The Wall. Trump told The Washington Post in April that he would force Mexico to pay for the wall (which could cost as much as $25 billion) by threatening to cut off the flow of billions of dollars in payments that immigrants send back to the country. Mexican immigrants make up 28 percent of 42 million foreign-born population in the United States, according to the Migration Policy Institute. At the time, Trump said the threat would be withdrawn if Mexico made a $5 billion to $10 billion payment to the United States to help fund the wall.

Birthright citizenship. Trump not only has said that he believes it is wrong for the children of illegal immigrants to automatically receive citizenship if they are born in the United States ("anchor babies") but in interviews in August 2015, he also indicated that he would seek to deport children of illegal immigrants who are U.S. citizens by virtue of their birth. In his words, he would "test it out in the courts" because he thought he could make a case that "they do not have American citizenship." (He said he might make an exception if a child had parents who are "very bad people.") In theory, that could affect about 4.5 million people born in the United States to parents who were undocumented immigrants. But most scholars believe any change in birthright citizenship would require a constitutional amendment.

DACA. Deferred Action for Childhood Arrivals is an Obama administration policy that allows qualified undocumented immigrants who entered the country before their 16th birthday and before June 2007 to receive a renewable two-year work permit and exemption from deportation. More than 650,000 applications have been approved, and presumably these people would be subject to deportation under a Trump presidency. Of course, some might argue that these individuals do not fall under the category of "immigrants."

The first two items - the threat on remittances and the threat to deport children with birthright citizenship - conceivably might affect some immigrants and their families. But not all.

Trump's campaign has been centered on the threat that he claims is posed by illegal immigrants. His announcement speech was interpreted as an attack on Mexican immigrants, but he eventually clarified that he was talking about undocumented immigrants. His plan for a wall on the border, his denial of birthright citizenship and his pledge to rescind DACA are all part of his proposed efforts to thwart illegal immigration.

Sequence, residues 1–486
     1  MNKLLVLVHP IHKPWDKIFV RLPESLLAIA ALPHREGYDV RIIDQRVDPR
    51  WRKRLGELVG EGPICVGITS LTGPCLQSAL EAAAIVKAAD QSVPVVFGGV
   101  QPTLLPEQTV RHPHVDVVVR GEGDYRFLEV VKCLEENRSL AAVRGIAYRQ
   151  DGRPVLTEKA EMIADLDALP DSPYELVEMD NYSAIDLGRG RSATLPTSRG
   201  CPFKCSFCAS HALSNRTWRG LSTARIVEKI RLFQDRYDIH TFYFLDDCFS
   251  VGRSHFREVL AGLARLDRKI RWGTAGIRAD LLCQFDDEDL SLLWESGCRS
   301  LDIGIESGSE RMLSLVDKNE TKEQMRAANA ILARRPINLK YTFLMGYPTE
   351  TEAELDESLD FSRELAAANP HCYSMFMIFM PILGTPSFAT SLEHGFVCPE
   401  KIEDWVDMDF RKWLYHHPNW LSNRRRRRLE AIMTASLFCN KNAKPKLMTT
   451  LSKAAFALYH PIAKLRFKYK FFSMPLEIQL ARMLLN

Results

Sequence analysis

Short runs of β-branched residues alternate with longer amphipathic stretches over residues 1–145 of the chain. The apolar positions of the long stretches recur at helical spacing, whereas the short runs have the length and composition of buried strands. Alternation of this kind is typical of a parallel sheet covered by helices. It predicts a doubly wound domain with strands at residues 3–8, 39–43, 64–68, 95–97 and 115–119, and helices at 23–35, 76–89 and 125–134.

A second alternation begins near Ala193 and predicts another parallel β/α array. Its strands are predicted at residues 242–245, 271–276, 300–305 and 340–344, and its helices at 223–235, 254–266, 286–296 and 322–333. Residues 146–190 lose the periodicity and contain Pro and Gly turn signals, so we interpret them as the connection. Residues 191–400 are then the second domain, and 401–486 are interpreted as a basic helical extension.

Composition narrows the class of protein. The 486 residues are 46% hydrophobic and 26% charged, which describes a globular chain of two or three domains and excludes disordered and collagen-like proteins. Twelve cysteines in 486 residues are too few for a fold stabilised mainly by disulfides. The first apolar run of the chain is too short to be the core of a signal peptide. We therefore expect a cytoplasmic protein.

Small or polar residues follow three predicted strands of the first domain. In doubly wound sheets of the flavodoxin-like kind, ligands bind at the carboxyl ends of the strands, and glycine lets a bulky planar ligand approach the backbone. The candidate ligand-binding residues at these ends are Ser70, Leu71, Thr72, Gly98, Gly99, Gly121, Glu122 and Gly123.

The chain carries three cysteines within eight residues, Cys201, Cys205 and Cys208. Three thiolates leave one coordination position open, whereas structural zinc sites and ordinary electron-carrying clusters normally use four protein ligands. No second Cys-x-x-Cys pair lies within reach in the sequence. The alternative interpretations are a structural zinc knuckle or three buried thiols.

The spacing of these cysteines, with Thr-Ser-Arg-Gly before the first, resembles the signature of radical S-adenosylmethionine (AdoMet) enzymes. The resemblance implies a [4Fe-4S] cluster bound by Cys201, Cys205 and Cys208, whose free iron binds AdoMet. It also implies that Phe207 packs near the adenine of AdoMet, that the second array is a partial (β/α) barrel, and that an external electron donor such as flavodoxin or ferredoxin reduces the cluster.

His proposal to make Mexico pay for the wall by halting remittances could certainly affect legal immigrants from Mexico, but again he makes this proposal in the context of attacking illegal immigration; any possible effect on immigrants is a by-product of his plan to eliminate illegal immigration.

All too often, Trump's proposals are ill-defined and poorly explained, making it hard to discern his actual intentions. Muddying the waters even more, he has also proposed a temporary ban on Muslims entering the country and forcefully claimed that vetting procedures for refugees are inadequate.

Still, the Clinton campaign is using slippery language to suggest that Trump's attacks on illegal immigrants are actually a broader assault on all immigrants. If Clinton misspoke, she did so in a way that conveniently mirrored her campaign's video. The video itself stretches the truth, leaving the impression that Trump is broadly attacking even legal immigration. It's quite possible that the Clinton campaign does not want to appear as if it is endorsing illegal immigration. But it goes too far in claiming that Trump's "plans for immigrants" are clear.

We will accept that Clinton misspoke in the CNN interview. But we are going to keep a close watch on whether her campaign keeps using slippy language that blurs the line between legal immigrants and undocumented immigrants.

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An award-winning journalism career spanning nearly three decades, Glenn Kessler has covered foreign policy, economic policy, the White House, Congress, politics, airline safety and Wall Street. He was The Washington Post's chief State Department reporter for nine years, traveling around the world with three different Secretaries of State. Before that, he covered tax and budget policy for The Washington Post and also served as the newspaper's national business editor. Kessler has long specialized in digging beyond the conventional wisdom, such as when he earned a "laurel" from the Columbia Journalism Review